The writings of Ulrike Meinhof
edited by Karin Bauer, afterward by Bettina Röhl. New York: Seven Stories Press, 2008. $19.95/£9.99
This book is the first translation in English of a collection of Ulrike Meinhof’s column articles that she wrote for the West German Left magazine konkret between 1959-1969. Compiled are 24 texts by Meinhof that read well in English, although the accuracy of the translation hasn’t been confirmed yet.
The columns were selected for this edition from two collections of Meinhof’s writings by publisher Wagenbach: Die Würde des Menschen ist antastbar. Aufsätze und Polemiken and Deutschland Deutschland unter Andern: Aufsätze und Polemiken. Karin Bauer, professor of German Studies at McGrill University, Montreal, writes an 86 page biographical essay on Meinhof taking up almost a third of the book, while Bettina Röhl, daughter of Meinhof, concludes with a venomous denunciation of the politics of Meinhof.
These extra contributions are somewhat superfluous, so first assessments will deal with the writings of Meinhof. The editor chose to avoid including Meinhof’s later writings in her association with the RAF, therefore this compilation represents about a fourth of all the column texts Meinhof wrote for konkret. The most problematic aspect of this book is the lack of any apparent organization to the sequence of the translated articles – neither chronological order nor columns grouped together by theme. Reading through all of Meinhof’s columns certain recurring political issues do emerge such as nuclear armament of the West German army; trials of Nazi perpetrators of the Holocaust; attempts by politicians to change the constitution (Basic Law); protests against US foreign policy specially on Vietnam; the FRG’s relation to Israel; the BDR; the Shah’s visit to Berlin in 1967, women’s rights; corporal punishment; the media and finally the student movement and APO. None of these columns have included an explanatory preface situating the issues in a larger historical context, therefore it is assumed the reader is quite familiar with German politics of the 1960s (although there are footnotes with some information at the end of each column).
The purported uniqueness and critical edge of Meinhof’s opinions expressed in her columns cannot be easily assessed as the introduction and afterward focus squarely on respectively inflating or tearing down the mythic image of Meinhof as articulated presently in German society. Second, extremely unfortunate is the lack of publication information for each translated text. For example, the column “Dresden” is dated 1965 and details Meinhof’s denunciation of the Allied bombing as barbarous and inhumane associating the tactic with the crimes of the Nazis, and at the same time supporting the spurious claim that bombings were unnecessary because “the outcome of the Second World War had already been decided as Stalingrad.”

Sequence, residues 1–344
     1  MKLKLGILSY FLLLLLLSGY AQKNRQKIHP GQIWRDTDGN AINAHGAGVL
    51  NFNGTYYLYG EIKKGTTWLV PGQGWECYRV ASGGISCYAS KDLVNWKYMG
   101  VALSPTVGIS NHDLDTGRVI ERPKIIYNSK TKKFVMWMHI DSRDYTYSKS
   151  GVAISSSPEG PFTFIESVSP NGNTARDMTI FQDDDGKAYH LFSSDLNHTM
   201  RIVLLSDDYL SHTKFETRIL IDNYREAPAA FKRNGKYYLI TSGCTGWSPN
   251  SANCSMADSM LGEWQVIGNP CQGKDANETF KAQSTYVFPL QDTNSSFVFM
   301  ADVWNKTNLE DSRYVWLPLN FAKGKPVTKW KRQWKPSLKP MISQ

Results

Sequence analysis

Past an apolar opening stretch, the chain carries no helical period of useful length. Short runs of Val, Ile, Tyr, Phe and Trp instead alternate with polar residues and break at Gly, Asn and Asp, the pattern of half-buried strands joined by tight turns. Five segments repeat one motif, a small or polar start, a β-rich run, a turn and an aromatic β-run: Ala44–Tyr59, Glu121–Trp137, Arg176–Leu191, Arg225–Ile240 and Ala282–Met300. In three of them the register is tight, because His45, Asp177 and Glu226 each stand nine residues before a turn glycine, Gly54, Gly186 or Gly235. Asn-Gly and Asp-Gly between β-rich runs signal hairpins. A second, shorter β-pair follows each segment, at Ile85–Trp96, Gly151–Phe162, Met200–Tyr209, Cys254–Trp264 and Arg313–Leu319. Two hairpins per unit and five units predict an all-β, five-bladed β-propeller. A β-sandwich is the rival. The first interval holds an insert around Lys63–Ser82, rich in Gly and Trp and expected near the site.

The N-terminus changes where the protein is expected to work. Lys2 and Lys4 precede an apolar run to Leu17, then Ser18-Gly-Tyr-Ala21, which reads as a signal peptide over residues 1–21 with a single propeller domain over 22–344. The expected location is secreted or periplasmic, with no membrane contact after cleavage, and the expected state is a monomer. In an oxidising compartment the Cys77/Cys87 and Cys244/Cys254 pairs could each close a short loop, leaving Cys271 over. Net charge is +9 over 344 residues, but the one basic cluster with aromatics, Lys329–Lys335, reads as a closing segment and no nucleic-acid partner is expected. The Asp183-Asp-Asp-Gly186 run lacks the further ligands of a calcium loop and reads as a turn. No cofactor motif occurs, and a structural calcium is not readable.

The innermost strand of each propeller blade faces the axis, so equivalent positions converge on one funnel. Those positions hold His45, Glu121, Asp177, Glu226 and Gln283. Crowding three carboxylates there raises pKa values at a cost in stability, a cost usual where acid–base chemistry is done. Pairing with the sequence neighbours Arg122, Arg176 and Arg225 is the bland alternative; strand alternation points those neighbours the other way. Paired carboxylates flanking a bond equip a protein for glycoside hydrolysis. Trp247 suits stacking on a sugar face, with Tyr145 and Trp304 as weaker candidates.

The spectre of holocaust revisionism is made more apparent in Meinhof’s citation of the book The Fall of Dresden by David Irving, who later became infamous as a trenchant holocaust denier. The reader is not given the information of the issue, number or page of the actual konkret publication in which the text appeared (and this is true of all articles included) making it extremely difficult to go back to the original publication if one so desired. Another serious problem is that there was no attempt to keep the visual format of konkret and the method of column layout intact in this translated book. Bauer in her biographical essay on Meinhof (page 36) continually stresses the fame and importance Meinhof held in the media and left-wing circles especially once Meinhof’s columns were printed on page 2 and 3 of each konkret issue, therefore sustaining the original visual format would have given the reader a stronger sense of the historical specificity of these writings in the context of Left magazine publications during the 60s, but not a single reproduction of a konkret issue is included.
Prior to the columns of Meinhof in this book is the biographical essay written by Bauer, which is a rehash of psychological interpretations of Meinhof’s “descent into terrorism” gleaned from numerous other biographies (see page 94, footnote 3). A critical interpretation of the genre of biography clearly sets the limitations of the explanative value of such writing. One interesting note is that in exchange for allowing the translation of Meinhof’s writings whose rights are held by Röhl and publishing house Wagenbach (see page 20), Röhl contributed her short essay “Icon of the Left, Propagandist, and Communist.”
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